Is America losing the war, on a sixth-generation fighter jet?
Listening to USAF officials at the recent Air Force Association’s Air, Space and Cyber conference in National Harbor, Maryland, one might get that idea.
“We do not want to be on the other side of coming in second in air superiority,” said the leader of the Air Force’s Air Combat Command, Gen. Mark Kelly.
“I would like to have more of a sense of urgency and a whole-of-nation effort towards it,” he said, something akin to the Manhattan Project that developed the first nuclear weapons during World War II, National Defense reported.
He continued with the A-bomb comparison, saying developers in the Manhattan Project knew that coming in second “would be a really bad place to be.”
“We’re in the business of putting adversary airplanes in the dirt or scaring them so much so they bury themselves,” he said.
The US Air Force is pursuing its secretive Next-Generation Air Dominance program, also known as NGAD, which is said to entail two or more models of aircraft.
Assuming adversaries will eventually field their own next-gen aircraft, Kelly said he at least wanted a wide margin between the US coming in first, and them trailing behind.
“Do I think we’re going to field it? Yes. Do I think we’re going to build it before our adversaries? Yes. Do I know we are going to build it before them? … I would like to sleep comfortably knowing we’ve got a really good margin,” he said.
When asked if he would like to see more funding, Kelly answered “yes.”
The USAF has reportedly recently designed, built and tested a prototype of the new fighter. The demonstrator was developed and flown in a year.
It remains unclear who designed and developed the prototype, but it is understood that advanced manufacturing technology was used to develop it.
Engineers say sixth-gen fighters will include self-landing systems, designed to land autonomously on aircraft carriers, Popular Mechanics reported.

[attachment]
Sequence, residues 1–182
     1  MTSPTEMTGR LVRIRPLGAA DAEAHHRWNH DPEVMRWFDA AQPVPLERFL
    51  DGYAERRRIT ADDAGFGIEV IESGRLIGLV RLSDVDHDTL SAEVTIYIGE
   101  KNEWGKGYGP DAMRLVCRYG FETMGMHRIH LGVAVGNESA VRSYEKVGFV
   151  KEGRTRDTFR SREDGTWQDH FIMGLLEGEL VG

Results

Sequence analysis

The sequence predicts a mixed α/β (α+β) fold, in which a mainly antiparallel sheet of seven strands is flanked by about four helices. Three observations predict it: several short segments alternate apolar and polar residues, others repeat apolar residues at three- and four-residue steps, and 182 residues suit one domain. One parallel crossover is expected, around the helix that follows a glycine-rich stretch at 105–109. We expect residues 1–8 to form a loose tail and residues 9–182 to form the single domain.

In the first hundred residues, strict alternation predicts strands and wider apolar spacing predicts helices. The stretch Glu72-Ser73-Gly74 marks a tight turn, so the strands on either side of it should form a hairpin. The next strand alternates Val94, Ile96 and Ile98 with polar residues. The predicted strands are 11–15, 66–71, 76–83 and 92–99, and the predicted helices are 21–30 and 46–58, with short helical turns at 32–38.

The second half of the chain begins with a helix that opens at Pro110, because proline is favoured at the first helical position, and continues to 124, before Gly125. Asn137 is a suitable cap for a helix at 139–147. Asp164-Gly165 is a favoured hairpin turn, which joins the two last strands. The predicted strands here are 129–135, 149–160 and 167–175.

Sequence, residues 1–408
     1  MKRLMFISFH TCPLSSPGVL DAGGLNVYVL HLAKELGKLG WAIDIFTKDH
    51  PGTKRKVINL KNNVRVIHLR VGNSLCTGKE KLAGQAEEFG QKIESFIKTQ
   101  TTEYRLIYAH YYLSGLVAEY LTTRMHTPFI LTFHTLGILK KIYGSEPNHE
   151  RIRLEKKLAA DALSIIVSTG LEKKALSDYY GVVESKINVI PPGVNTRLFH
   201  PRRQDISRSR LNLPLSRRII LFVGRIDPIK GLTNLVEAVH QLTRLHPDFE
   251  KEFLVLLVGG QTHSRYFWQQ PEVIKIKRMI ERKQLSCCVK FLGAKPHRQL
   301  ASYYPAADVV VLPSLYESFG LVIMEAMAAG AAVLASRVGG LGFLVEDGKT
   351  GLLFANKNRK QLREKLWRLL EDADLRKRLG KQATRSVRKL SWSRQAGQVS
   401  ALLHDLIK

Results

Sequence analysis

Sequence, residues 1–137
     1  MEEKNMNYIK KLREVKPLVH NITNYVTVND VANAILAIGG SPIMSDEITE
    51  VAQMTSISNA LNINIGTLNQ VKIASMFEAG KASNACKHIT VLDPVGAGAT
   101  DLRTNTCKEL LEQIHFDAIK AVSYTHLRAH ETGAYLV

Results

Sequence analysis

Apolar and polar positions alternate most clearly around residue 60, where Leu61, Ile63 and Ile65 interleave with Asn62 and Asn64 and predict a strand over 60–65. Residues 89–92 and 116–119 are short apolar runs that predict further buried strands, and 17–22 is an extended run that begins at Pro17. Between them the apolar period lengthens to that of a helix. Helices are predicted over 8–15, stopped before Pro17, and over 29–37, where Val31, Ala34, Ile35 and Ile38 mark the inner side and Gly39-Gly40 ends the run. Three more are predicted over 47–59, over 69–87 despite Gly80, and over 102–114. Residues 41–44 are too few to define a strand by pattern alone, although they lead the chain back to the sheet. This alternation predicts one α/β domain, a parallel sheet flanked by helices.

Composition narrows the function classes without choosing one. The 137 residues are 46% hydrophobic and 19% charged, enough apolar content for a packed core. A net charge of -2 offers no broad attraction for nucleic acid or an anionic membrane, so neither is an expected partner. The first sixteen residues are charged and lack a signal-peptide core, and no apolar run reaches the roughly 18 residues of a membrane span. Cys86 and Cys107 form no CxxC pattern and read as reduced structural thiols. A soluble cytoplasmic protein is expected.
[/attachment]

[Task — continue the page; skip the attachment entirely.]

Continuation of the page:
And then there’s artificial intelligence, which will function as a sort of copilot.
AI could oversee the jamming of enemy radars and monitor for threats to the plane, like incoming missiles, and then automatically launch chaff or flares to deter missiles.
It could also be used to fly a “loyal wingman” drone, a semi-autonomous uncrewed aircraft that could fly alongside crewed fighters.
Essentially, sixth-generation fighters could have a piece of gear that does multiple jobs, replacing different systems typically seen on today’s aircraft. This hardware would include adaptable software that changes between tasks in mere nanoseconds.
“You no longer have a radar, no longer have electronic warfare, no longer have a radio,” said Jason “Tex” Clark, director for Advanced Mission Systems at Raytheon Intelligence & Space (RI&S).
“Instead, you have multifunction hardware that does it all and can be repurposed very quickly – switching between functions so quickly it seems instantaneous.”
The computer processing power for sixth-gen fighters will reach staggering levels, taking the sophisticated mission computers aboard today’s aircraft and essentially turning the planes into “flying data centers.”
“Next-generation multifunction systems will produce orders of magnitude more data than previous systems,” said Tomek Rys, business development director for Communications & Airspace Management Systems at RI&S.
“On-board compute clusters composed of high-performance, ruggedized processors will effectively put a data center in the sky. These systems will leverage artificial intelligence to turn data into information in real time. The result will be faster decision making.”
Meanwhile, almost a year after it selected Mitsubishi Heavy Industries to develop the US$40 billion F-X (to be christened as the F-3), Japan has also been reported to be a part of the UK-led Future Combat Air System (FCAS), Eurasian Times reported.
The UK-led FCAS called “The Tempest” involves Sweden and Italy and aims to field a core fighter and a range of new technologies by 2035.
The UK’s program director, Air Commodore Johnny Moreton, was quoted as saying: “We’ve been in negotiation, conversations and some pilot projects. Nothing necessarily too complex at the moment.